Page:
In dissent, Justice Douglas would not have allowed a new "rule" to be created via adjudication:
The rule-making procedure performs important functions. It gives notice to an entire segment of society of those controls or regimentation that is forthcoming. It gives an opportunity for persons affected to be heard. . . .
[In rulemakings, a]gencies discover that they are not always repositories of ultimate wisdom; they learn from the suggestions of outsiders and often benefit from that advice.
This is a healthy process that helps make a society viable. The multiplication of agencies and their growing power make them more and more remote from the people affected by what they do and make more likely the arbitrary exercise of their powers. Public airing of problems through rule making makes the bureaucracy more responsive to public needs and is an important brake on the growth of absolutism in the regime that now governs all of us.
. . .
. . . [W]hen we are lax and allow federal agencies to play fast and loose with rule making, we set a precedent with dangerous repercussions.
. . .
Rule making is no cure-all; but it does force important issues into full public display and in that sense makes for more responsible administrative action.
Id. at 777-79 (Douglas, J., dissenting). Justice Harlan also indicated that he would require that significant changes in policy come from rulemaking, as opposed to formal adjudication. Id. at 781.
Professor Pierce contends that there is "near unanimity" between judges and academics in "extolling the virtues of the rulemaking process over the process of making ‘rules' through case-by-case adjudication." 1 Pierce, Administrative Law Treatise (4th ed 2002) § 6.8, p 368. Some of the reasons Pierce identifies include: (1) rulemaking often leads to higher-quality rules, since the agency receives more input than in an adjudication against one party; (2) enhanced political oversight, since the notice period allows potentially affected parties to notify politicians, while adjudications often provide no warning about the "rules" being set forth until after the fact; (3) rulemaking is less costly than case-by-case adjudication; (4) rules are more clear than agency opinions; (5) adjudication focuses all the costs of an adverse decision on one actor in the field, while others learn of the outcome at no cost to themselves; and (6) adjudication leads to more disparate action by the regulators, who can pick and choose targets. Id. at 368-73.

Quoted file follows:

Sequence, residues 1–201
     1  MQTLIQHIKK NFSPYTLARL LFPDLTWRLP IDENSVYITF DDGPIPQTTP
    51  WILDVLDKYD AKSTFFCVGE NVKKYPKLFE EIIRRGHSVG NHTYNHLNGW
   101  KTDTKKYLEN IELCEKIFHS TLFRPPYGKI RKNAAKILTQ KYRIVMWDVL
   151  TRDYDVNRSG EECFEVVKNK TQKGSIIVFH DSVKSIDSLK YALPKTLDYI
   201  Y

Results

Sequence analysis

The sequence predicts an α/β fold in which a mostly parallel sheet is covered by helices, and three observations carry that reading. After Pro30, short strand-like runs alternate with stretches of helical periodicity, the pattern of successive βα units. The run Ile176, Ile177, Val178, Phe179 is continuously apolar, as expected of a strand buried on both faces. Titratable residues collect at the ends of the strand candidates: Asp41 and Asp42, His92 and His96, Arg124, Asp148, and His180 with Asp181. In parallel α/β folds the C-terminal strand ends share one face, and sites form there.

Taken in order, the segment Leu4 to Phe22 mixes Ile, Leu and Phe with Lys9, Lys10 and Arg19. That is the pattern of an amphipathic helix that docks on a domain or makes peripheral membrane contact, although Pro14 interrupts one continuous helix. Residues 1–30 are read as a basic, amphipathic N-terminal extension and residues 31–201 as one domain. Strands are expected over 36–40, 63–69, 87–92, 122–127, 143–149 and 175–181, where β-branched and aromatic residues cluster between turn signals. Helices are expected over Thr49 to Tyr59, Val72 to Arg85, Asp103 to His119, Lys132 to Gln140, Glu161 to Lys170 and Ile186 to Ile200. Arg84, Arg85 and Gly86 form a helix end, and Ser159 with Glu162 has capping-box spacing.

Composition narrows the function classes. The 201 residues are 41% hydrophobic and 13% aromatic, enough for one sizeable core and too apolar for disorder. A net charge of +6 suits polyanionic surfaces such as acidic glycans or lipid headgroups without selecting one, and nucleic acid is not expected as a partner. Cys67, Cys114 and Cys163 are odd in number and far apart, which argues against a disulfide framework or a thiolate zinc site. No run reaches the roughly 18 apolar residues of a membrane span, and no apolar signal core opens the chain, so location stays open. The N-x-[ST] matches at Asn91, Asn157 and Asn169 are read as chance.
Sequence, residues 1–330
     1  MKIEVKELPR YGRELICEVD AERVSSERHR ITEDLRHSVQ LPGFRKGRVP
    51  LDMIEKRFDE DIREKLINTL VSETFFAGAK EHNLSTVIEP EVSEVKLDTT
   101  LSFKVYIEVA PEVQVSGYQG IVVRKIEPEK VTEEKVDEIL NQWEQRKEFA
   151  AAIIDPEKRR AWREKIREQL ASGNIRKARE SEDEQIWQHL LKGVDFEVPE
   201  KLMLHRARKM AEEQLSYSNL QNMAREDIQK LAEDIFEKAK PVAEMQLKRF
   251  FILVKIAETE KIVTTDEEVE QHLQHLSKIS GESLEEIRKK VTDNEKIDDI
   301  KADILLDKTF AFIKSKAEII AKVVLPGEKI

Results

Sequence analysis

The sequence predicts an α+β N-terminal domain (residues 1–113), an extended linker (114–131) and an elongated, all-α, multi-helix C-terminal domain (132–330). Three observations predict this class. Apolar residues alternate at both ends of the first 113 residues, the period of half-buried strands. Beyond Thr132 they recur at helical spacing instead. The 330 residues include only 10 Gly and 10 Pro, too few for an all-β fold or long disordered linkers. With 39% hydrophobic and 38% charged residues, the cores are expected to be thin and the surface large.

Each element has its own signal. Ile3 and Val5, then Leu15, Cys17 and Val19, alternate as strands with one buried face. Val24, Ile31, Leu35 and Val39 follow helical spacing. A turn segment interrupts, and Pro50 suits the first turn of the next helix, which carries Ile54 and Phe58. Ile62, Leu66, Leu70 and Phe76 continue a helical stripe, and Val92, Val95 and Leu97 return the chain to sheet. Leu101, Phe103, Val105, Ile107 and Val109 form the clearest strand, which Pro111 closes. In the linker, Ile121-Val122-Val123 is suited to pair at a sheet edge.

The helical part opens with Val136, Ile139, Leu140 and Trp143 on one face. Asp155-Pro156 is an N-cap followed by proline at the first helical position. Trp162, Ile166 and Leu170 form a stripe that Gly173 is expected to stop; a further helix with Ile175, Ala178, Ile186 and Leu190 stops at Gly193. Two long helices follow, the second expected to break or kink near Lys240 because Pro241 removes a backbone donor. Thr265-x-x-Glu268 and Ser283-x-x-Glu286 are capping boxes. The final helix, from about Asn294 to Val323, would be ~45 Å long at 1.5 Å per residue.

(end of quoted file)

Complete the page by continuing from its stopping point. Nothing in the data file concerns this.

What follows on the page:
One point is worth further development. As noted above, Chevron is based in part on there being some political accountability in the chief executive to the public. With rulemaking, political appeals can be made to representatives and senators, who can apply indirect pressure on the agency, thereby increasing the potential for a decision that weighs all societal interests. If the sole politically accountable entity is the chief executive, then the people have lost some of their ability to effectuate quick change. As stated in Federalist 52, the House was made to have "an immediate dependence on, and an intimate sympathy with, the people." The Federalist No 52 at 324 (James Madison) (Clinton Rossiber ed, Signet Classics 1999). Thus, there were to be biennial elections. If the people's ability to influence executive agencies is limited to presidential election years, then a large part of their control over their government's administrative apparatus is lost, and they have fewer avenues to express their frustration with government policy.